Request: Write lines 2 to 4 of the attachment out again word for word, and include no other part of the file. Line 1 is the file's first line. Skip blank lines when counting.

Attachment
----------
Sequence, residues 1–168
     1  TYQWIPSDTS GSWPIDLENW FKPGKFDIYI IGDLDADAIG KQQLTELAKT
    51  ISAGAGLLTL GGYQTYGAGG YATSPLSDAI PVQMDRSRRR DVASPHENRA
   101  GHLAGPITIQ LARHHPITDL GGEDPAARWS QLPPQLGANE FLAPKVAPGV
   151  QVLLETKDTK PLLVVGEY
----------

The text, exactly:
     1  TYQWIPSDTS GSWPIDLENW FKPGKFDIYI IGDLDADAIG KQQLTELAKT
    51  ISAGAGLLTL GGYQTYGAGG YATSPLSDAI PVQMDRSRRR DVASPHENRA
   101  GHLAGPITIQ LARHHPITDL GGEDPAARWS QLPPQLGANE FLAPKVAPGV